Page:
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, written by Jeremy. Read the commentary.

Character of Place

The character of place

I’m thinking a lot about terrior these days. It’s a French concept. It developed out of centuries of winemaking.

Terrior is based on the observation that wines from the same grape but different regions, vineyards or even parts of the same vineyard can be so different from each other.

What makes the difference? Wine is obviously the product of humidity, soil composition, days of sunlight, etc, etc. These variables in combination, composition, and compilation create substance. Together, the minute and indefinite create something definite and enduring.

But, of course, it’s more than mere pieces. It is about wholes too.

Wine is not the simple math of its parts – it is the product of the whole. It’s an odd temporal concept – innovation and brilliance comes from the today’s whole rather than the incremental addition of parts in times past.

More than wine

This applies to more than wine. Sports cars from Italy are consistently finer than those from America. Almost any pub in the UK is better than the best pub here in Edmonton. The highly ranked Indian whiskey I’m sipping right now is bewilderingly subdued against the raft of bottles I’ve got from Scotland.

In some things the impact of place is so distinct and so pervasive, it creates stereotypes. In food: Champagne, Cognac, Scotch, and Maple syrup. In clothes: Italian leather, Parisian scarves, Brazilian bikinis. In business: American finance, Israeli technology, and Indian strategy.

What about place makes things different? What do we know of this “character” of place? How deliberately to we acknowledge its role in what we do?

Place as lead actor

David Koepp is best known as a film writer. He worked on Jurassic Park, Carlito’s Way, Spider-Man and (the upcoming) Angels & Demons. He also directed Ghost Town – a very funny movie.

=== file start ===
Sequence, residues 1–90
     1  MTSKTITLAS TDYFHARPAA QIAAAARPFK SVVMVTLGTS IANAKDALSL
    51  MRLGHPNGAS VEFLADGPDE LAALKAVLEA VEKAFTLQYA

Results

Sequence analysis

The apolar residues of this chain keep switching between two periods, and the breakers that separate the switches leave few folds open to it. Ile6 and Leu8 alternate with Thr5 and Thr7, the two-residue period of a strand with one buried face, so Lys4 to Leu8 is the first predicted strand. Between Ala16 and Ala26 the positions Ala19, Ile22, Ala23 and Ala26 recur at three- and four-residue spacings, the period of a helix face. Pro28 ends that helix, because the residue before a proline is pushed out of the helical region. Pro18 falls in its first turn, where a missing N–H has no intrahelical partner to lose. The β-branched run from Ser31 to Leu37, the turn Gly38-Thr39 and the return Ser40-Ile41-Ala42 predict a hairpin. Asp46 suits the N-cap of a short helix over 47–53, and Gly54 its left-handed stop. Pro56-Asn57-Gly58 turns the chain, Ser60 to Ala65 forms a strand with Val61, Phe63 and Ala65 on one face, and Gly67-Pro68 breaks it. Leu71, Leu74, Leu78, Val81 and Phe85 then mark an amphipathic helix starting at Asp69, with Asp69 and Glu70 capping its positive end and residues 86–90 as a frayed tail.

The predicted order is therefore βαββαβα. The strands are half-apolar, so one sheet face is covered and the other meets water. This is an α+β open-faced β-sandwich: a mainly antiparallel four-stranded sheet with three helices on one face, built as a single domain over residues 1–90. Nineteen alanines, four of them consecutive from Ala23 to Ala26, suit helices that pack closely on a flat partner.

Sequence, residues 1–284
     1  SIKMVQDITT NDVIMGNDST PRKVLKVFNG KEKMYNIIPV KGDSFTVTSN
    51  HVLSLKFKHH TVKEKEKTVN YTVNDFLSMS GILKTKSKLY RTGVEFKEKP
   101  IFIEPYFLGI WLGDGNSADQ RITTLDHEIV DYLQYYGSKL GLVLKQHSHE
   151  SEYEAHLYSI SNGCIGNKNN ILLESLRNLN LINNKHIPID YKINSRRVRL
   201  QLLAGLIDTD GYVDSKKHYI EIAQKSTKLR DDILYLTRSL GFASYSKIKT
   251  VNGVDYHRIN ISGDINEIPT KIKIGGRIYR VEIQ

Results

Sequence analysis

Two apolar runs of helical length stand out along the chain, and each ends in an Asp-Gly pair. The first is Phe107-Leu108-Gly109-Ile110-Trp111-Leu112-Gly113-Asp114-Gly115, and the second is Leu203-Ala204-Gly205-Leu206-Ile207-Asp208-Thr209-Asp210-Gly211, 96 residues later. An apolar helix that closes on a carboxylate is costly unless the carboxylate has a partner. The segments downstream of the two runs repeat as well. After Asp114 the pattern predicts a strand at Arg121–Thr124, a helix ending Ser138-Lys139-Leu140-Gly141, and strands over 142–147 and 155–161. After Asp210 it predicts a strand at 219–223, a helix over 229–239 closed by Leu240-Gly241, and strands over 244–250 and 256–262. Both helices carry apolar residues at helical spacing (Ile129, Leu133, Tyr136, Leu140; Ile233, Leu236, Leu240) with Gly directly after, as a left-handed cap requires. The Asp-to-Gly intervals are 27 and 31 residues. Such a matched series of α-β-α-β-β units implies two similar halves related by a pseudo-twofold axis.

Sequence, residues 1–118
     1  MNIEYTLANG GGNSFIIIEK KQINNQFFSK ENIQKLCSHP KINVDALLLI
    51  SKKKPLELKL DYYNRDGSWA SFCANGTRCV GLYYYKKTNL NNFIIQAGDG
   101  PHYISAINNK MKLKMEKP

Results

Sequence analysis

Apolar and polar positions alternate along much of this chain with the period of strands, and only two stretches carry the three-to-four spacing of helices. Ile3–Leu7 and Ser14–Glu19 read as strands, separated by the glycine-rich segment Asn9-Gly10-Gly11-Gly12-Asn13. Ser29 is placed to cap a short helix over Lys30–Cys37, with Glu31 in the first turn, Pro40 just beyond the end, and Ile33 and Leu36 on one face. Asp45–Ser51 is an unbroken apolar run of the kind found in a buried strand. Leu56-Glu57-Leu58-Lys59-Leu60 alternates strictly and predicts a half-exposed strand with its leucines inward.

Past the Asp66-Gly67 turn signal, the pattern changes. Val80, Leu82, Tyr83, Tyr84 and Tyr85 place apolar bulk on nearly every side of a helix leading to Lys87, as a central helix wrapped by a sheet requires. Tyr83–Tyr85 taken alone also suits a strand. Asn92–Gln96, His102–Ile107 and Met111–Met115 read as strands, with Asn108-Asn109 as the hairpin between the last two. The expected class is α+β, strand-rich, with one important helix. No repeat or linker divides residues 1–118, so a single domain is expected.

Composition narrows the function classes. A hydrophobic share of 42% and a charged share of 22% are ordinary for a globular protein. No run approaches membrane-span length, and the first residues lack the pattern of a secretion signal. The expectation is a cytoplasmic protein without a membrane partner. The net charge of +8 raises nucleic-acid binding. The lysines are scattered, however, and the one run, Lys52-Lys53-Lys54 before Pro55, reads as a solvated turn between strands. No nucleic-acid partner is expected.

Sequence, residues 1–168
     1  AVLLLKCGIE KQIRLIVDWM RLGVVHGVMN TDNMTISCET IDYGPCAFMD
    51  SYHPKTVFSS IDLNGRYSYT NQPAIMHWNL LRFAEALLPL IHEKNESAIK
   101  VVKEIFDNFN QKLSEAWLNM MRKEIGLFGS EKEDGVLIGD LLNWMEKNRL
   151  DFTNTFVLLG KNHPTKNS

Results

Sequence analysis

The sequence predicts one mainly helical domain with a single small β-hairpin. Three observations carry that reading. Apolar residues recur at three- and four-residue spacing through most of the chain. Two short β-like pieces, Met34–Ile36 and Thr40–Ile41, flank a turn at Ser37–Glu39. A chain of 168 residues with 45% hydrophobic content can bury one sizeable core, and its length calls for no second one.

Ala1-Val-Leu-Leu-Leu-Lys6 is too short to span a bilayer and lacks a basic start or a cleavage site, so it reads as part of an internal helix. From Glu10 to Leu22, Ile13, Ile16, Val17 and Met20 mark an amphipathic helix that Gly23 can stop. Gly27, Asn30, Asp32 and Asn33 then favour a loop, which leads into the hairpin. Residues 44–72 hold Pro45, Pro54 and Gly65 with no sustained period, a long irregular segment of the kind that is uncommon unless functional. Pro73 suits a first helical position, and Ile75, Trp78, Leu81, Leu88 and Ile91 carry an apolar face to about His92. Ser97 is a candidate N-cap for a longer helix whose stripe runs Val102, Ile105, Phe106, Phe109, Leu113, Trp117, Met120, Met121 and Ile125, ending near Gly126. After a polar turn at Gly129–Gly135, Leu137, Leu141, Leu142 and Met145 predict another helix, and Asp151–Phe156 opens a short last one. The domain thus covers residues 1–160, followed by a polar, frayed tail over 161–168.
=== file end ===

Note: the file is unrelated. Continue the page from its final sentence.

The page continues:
The DVD for Ghost Town includes the usual Director/Actor interview. I don’t usually watch the interviews but, for some reason, I watched Koepp’s.

In the interview, Koepp explains why he made the movie. If you’ve seen the other movies listed above, it’s a clear switch from his usual fare. Though he gives several reasons, Koepp says one was his interest in shooting a film where place was a character. He had two leads: Gervais and New York.

Koepp knows there’s a substance to place. A grit and nuance that a movie set never mimics quite well enough.

Why is there nowhere like New York?

How place creates moments

There was a lovely time in my life when I was often in Paris. I’d fly through the night for an early AM landing in France.

As in most long-haul international travel, jet-lag was a menace. To get straightened out, we’d stay up the whole day and dribble into bed late in the Parisian PM.

The mornings were the worst. We’d land right when our bodies thought it was time for bed. To stay awake we’d grab a croissant and hit the museums/galleries. By the time we were through the museum we were back into the early AM hours back home. The rest was easy.

On one of those trips, this time in April, I went to the Rhodin Museum.

I’ve never been anywhere like Musee Rodin. It’s hardly right to even call it a museum. It’s a garden. The museum’s tossed in, like an after-thought. The place is absolutely brilliant – especially in April.

In the gardens there’s a cafeteria half-way down the western wall. When I got there, it was barely 9AM. I grabbed an espresso.